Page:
In the past, I also had students use R, often for the first time. I had mentioned in a previous reflection the need to test my own code more carefully before putting it in an assignment. Doing so was easily worth the effort.

Another improvement was to include the data as part of the code, rather than as separate csv files that had to be loaded in. Every assignment with R included code that defined each variable of each dataset as a vector and then combined the variables with the data.frame() function. The largest dataset I used had 6 columns and 100 rows; anything much larger would have to be pseudo-randomly generated. I received almost no questions about missing data or R errors; those that I did involved installing a package or the use of one dataset in two separate questions.

Saturday 3 December 2016

2016 did not suck.

The idea 2016 sucked is an indication of the triumph of media over statistics.

In the United States, which I use because their data is very open and thorough, national unemployment is less than 5% and has been steadily dropping. Of those unemployed, most of them are either between jobs by choice, or have not yet ever had major employment. We know this because the proportion of the workforce on unemployment assistance is below 1.20%, the lowest rate in more than 40 years.

Also in the US there was also a record low number (not proportion, raw number) of teenage pregnancies. That means both fewer abortions AND fewer unwanted births. So if you're pro-choice or pro-life, your side is winning.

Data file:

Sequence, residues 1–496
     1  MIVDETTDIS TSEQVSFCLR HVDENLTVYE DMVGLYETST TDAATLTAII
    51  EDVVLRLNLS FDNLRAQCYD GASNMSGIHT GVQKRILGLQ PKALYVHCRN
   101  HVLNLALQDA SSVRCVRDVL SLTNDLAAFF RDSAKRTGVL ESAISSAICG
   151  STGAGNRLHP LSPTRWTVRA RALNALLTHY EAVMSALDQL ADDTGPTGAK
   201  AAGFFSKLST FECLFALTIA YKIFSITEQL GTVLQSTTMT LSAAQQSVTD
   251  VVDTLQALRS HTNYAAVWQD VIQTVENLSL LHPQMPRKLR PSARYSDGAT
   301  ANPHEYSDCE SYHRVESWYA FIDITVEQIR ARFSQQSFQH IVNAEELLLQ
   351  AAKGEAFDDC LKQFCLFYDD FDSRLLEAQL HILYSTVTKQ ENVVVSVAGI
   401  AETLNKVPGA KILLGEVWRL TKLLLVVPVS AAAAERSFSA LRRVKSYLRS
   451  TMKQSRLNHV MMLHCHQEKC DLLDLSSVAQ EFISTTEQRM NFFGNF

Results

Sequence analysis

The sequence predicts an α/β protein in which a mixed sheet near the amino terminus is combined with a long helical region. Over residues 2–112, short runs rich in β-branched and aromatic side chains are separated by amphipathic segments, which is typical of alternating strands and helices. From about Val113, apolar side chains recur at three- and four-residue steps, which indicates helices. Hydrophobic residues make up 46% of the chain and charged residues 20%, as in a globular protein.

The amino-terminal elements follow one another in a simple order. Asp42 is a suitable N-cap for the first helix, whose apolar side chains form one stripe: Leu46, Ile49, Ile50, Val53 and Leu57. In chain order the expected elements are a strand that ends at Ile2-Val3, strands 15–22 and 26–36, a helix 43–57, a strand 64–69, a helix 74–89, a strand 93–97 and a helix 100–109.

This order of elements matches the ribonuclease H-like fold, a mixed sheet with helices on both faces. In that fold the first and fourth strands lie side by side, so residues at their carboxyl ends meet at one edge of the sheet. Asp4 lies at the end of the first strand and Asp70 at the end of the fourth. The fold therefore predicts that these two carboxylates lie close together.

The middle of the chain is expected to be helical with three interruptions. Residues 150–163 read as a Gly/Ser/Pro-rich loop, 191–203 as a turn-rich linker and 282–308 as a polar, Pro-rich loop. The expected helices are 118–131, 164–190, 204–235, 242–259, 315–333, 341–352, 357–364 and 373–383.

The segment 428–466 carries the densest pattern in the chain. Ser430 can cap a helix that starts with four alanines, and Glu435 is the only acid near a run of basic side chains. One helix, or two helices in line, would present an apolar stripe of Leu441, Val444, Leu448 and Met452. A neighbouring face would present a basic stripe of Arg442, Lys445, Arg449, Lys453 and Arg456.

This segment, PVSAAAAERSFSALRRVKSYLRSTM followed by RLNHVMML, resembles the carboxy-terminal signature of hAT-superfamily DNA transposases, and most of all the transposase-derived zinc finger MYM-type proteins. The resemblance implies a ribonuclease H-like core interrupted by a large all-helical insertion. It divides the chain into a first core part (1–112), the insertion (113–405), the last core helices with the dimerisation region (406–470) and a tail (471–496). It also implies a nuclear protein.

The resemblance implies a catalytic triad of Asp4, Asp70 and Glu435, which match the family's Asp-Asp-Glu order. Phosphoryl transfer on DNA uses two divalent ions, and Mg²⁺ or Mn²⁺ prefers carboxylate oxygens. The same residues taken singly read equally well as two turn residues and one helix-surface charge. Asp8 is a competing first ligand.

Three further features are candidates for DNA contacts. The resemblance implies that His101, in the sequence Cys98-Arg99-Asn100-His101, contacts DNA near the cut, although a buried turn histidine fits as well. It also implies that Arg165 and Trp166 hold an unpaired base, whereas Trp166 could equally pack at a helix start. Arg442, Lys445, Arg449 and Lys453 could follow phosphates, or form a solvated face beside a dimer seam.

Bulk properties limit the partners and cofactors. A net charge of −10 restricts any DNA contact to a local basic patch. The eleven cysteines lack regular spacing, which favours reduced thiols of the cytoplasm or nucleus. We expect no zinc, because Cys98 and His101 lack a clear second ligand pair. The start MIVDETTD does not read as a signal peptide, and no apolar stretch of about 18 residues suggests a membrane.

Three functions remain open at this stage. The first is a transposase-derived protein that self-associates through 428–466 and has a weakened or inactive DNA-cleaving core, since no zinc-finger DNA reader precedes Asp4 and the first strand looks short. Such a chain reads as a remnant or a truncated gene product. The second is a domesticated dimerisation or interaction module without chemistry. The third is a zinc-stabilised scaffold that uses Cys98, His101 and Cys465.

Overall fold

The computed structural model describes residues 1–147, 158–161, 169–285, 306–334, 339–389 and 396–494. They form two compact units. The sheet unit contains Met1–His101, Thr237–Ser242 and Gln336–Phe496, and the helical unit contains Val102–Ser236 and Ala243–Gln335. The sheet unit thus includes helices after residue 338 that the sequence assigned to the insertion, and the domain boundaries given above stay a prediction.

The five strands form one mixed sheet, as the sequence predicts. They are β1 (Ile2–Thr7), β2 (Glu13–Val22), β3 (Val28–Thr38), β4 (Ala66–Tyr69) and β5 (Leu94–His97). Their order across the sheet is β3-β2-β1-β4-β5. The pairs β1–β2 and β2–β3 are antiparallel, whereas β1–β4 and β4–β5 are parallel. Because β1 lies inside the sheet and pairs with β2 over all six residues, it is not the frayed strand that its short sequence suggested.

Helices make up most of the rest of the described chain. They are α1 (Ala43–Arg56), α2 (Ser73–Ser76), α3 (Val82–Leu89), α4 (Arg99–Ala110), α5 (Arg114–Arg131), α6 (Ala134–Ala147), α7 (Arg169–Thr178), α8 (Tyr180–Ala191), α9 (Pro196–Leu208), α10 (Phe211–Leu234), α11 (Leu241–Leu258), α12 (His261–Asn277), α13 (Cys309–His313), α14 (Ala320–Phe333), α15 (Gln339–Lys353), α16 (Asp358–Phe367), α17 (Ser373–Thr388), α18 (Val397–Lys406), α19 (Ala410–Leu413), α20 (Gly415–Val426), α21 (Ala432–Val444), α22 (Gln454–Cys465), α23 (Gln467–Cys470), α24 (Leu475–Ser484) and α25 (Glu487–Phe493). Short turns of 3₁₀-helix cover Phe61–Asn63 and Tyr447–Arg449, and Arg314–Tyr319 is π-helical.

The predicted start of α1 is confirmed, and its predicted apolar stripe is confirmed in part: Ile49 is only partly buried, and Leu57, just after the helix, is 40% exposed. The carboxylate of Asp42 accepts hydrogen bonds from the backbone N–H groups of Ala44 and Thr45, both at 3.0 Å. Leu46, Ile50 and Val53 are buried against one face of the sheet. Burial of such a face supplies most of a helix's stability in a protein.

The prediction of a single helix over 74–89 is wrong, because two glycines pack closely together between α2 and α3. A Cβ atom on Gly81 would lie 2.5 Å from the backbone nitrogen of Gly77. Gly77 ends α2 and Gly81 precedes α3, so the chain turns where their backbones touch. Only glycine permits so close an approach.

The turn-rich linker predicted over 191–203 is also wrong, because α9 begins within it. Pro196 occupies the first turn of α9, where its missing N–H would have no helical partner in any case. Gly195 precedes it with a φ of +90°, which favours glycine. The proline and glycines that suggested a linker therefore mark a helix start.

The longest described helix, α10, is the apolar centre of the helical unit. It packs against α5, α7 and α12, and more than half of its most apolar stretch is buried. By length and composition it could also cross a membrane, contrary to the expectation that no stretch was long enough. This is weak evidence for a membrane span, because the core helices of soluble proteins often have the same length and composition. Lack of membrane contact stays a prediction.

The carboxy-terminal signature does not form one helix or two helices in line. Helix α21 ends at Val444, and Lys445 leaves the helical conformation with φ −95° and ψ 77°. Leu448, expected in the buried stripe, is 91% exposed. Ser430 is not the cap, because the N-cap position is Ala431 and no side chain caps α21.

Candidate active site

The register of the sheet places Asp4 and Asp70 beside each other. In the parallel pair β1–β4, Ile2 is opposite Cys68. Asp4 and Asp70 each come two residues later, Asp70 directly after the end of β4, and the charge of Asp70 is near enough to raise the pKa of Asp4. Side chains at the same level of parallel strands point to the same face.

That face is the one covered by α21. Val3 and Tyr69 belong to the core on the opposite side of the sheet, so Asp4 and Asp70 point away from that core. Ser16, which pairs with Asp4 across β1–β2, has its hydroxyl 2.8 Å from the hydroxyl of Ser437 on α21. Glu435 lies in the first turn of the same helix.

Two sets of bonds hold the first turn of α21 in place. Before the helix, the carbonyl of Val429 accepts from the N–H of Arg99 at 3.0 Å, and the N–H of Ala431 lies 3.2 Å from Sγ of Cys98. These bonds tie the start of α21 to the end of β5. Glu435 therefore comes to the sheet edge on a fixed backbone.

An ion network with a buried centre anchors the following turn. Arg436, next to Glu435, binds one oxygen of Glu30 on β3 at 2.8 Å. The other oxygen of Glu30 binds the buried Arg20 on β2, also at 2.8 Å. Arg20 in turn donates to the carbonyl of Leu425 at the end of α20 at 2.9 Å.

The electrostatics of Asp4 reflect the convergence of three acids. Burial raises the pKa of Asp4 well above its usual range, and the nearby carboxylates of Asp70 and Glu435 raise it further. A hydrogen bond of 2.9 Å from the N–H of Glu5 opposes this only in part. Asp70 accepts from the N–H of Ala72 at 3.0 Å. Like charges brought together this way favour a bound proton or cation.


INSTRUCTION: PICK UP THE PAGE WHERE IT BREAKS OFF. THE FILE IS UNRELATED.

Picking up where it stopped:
Globally, the birth rate is falling faster than previously forecast, largely because of faster-than-forecast improvements to the quality of life in India. Last month, the Indian government target for solar power capacity was raised dramatically foe the 3rd time in 6 years because the bringing clean energy to people keeps getting easier and cheaper at a rate faster than anyone could reasonably expect.

Compared to 2015, worldwide sales of electric cars has increased 55%, worldwide use of coal has decreased. Anthropogenic (Man-made) carbon emissions were the same as 2015, despite the world economy growing.  This is an indication that we could get climate change under control.

A lot of the problems of the last couple of years were either mitigated well in 2016, or outright handled.

Remember Ebola? The outbreak is officially over, and was close to over for most of 2016. There is a vaccine that's currently in use, and if something goes wrong, we have another vaccine candidate in Phase III (late human-equivalent testing) trials to take its place. This was the ultimate Ebola outbreak - not just the biggest but the last we will ever see.

Remember the Fukushima disa
ster? Radioactivity in most (not within a km of the damaged reactor) of the region has dropped to levels fit for permanent human habitation. After the disaster, Japan shut down all their nuclear power plants for years for safety upgrades, and 2016 saw the last of them come back online. What happened with the Fukushima reactor was extraordinary, and problem of that magnitude is impossible for CANDU modern reactors.

Remember Zika? The outbreak has been contained. There are scattered reports of new cases, but it's not showing up all over the world as was predicted after the Rio Olympics. On that note, the Rio Olympics seemed unremarkable as far as mishaps and problems are concerned. I saw Rio de Janerio in October. It looked like it has survived well enough.

Remember that war that started in 2016? Me neither. A cursory search finds no armed conflict between two or more different countries that started this year.

You can remember 2016 as the year we lost Alan Rickman, but 40 million people will remember it as the year they got access to clean water.